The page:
New Orthodoxy for Conduct Regulation

Jack Humphrey, Regulatory journalist
January 25, 2012 /

Martin Wheatley, managing director of the Financial Services Authority (FSA), outlined a new orthodoxy and regulatory approach for the future of conduct regulation – getting a fair deal for consumers.

With just over a year to go before the successor bodies to the FSA take over, Martin who is also CEO designate of the Financial Conduct Authority (FCA), told a British Bankers’ Association audience that it was time for a new approach to get the right outcomes for consumers.

Martin Wheatley said: “We need to develop a new orthodoxy and a new regulatory approach…I want the culture in your firms, from your product governance to your sales, to be aligned with the best interests of your customers. I don’t want to see any of the failings the FSA has had to deal with in the last few years.

“But I want to emphasise this is not all about regulated firms. Consumers of course have a role to play, and we need a cultural change at the regulator as well.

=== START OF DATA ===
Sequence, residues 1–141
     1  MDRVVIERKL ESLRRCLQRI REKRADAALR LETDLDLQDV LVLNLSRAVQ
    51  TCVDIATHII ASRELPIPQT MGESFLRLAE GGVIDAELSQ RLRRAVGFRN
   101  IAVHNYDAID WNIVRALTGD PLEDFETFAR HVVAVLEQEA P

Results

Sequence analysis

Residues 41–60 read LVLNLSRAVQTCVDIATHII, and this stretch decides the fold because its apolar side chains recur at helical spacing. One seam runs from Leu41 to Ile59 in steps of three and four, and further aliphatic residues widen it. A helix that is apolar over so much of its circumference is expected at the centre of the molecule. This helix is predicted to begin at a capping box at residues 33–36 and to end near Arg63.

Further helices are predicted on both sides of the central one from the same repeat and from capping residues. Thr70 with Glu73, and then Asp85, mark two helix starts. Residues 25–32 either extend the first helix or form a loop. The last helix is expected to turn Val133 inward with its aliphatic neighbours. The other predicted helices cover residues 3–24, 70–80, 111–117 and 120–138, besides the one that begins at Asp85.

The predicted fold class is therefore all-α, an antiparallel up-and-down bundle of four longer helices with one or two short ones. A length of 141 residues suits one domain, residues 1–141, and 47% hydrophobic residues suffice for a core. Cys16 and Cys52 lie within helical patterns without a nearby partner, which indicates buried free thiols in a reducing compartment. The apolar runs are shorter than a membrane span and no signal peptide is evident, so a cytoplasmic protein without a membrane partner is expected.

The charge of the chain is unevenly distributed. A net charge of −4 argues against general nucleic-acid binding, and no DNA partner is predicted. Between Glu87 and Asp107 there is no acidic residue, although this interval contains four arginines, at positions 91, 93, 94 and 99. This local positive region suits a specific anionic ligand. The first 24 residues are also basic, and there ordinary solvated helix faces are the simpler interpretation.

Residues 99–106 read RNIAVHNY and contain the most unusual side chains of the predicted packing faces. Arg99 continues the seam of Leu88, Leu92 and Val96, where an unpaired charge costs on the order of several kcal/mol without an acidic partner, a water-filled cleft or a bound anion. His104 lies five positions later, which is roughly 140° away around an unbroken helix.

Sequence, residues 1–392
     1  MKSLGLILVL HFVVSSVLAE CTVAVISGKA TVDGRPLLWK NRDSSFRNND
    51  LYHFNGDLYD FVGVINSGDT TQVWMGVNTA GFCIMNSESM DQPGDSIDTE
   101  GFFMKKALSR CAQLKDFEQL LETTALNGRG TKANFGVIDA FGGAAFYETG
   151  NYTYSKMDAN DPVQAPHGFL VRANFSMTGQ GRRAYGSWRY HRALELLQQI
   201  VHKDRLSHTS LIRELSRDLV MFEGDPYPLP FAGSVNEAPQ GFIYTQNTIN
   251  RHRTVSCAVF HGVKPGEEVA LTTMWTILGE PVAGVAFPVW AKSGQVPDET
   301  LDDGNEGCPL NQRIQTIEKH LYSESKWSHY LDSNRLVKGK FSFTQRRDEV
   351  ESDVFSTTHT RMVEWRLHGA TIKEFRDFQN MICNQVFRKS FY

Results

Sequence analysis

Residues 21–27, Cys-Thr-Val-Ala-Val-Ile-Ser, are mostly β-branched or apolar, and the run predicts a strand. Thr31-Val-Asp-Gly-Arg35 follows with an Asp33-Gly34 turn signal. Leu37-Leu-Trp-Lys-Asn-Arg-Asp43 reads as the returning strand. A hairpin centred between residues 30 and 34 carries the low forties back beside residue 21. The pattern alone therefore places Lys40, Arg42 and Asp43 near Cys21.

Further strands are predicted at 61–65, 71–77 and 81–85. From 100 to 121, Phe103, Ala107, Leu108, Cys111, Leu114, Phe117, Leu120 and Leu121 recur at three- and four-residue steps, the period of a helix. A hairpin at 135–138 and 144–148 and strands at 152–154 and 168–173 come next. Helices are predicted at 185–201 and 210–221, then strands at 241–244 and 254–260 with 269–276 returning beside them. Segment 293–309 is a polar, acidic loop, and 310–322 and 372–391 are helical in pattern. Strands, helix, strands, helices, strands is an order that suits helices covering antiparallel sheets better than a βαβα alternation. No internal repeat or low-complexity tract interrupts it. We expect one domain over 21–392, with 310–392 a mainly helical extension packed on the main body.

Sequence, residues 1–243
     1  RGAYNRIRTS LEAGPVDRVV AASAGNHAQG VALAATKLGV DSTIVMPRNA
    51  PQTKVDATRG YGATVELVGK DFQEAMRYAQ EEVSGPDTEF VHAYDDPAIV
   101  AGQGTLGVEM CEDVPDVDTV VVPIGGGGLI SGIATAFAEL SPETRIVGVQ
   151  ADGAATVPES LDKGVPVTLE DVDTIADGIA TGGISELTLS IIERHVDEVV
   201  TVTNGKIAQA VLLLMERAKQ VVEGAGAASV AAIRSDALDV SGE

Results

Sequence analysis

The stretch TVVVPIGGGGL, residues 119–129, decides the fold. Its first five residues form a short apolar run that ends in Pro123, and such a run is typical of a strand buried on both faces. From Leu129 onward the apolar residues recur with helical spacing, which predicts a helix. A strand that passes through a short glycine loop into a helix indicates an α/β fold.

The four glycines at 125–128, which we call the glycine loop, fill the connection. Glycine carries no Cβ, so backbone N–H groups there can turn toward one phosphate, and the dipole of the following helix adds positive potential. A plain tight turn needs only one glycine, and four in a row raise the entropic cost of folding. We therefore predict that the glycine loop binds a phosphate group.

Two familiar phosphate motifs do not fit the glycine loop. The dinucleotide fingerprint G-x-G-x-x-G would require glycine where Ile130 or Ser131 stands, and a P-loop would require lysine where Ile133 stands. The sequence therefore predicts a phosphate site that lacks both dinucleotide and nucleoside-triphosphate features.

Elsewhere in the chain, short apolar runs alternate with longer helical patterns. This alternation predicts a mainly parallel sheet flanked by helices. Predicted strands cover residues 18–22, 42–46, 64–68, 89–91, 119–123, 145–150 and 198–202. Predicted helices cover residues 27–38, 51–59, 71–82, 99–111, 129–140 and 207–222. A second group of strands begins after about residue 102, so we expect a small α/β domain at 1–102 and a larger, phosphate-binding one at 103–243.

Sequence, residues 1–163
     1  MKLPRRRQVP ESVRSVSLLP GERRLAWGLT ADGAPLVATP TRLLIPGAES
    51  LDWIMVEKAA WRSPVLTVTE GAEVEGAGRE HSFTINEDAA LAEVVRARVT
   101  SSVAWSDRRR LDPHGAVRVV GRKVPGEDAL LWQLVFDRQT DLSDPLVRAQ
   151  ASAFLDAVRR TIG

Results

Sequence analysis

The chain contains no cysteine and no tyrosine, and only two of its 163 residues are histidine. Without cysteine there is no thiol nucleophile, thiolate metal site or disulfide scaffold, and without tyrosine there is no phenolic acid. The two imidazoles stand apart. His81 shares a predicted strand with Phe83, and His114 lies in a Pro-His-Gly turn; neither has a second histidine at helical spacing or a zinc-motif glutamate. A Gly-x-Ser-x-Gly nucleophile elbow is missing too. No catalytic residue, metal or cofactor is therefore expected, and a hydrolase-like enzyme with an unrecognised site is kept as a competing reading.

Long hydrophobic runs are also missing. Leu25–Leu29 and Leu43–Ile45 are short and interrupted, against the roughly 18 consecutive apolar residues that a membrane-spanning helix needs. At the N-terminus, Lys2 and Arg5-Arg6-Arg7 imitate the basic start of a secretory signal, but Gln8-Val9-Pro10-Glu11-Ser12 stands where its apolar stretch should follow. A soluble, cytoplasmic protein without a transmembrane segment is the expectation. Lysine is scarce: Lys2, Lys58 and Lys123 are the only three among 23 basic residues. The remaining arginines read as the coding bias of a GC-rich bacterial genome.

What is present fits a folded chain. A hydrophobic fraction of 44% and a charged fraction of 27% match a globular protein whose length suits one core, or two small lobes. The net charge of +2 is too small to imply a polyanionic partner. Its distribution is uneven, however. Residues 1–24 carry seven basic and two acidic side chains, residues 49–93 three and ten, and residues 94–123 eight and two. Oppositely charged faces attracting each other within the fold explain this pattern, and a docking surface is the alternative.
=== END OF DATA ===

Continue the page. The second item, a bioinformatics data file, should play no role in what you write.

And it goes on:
“The FCA will need to ask tougher questions, and they need to be the right ones, if we are really going to discover what lies at the heart of your firms’ successes and failures. The FCA then needs to make better, bolder, faster decisions.”

He told the audience that “we all have to walk in the footsteps of your customers” to understand their perspective and to be able to deliver the new approach.

The FCA, Martin Wheatley said, will build on the experience of the FSA but will aim to strike a balance recognising that firms, the regulator and the consumer all have a responsibility.

“If a consumer makes a fully informed decision that subsequently goes wrong, then that is down to them. But we have to be realistic. And what this is about is balance.

“We have to realise that consumers aren’t always in a position to take responsibility, because of their lack of financial knowledge and because we have to take a reasonable approach to what a normal person can understand about complicated products and risks.

“And so I believe that balance comes from all parties – consumers, providers, intermediaries – taking responsibility for their part in each transaction. So our approach will reflect that and be flexible and proportionate.

“But what the FCA won’t be doing is lying back then letting the market get on with it and expecting clear disclosure and a mandated sales process to do its job.”

 

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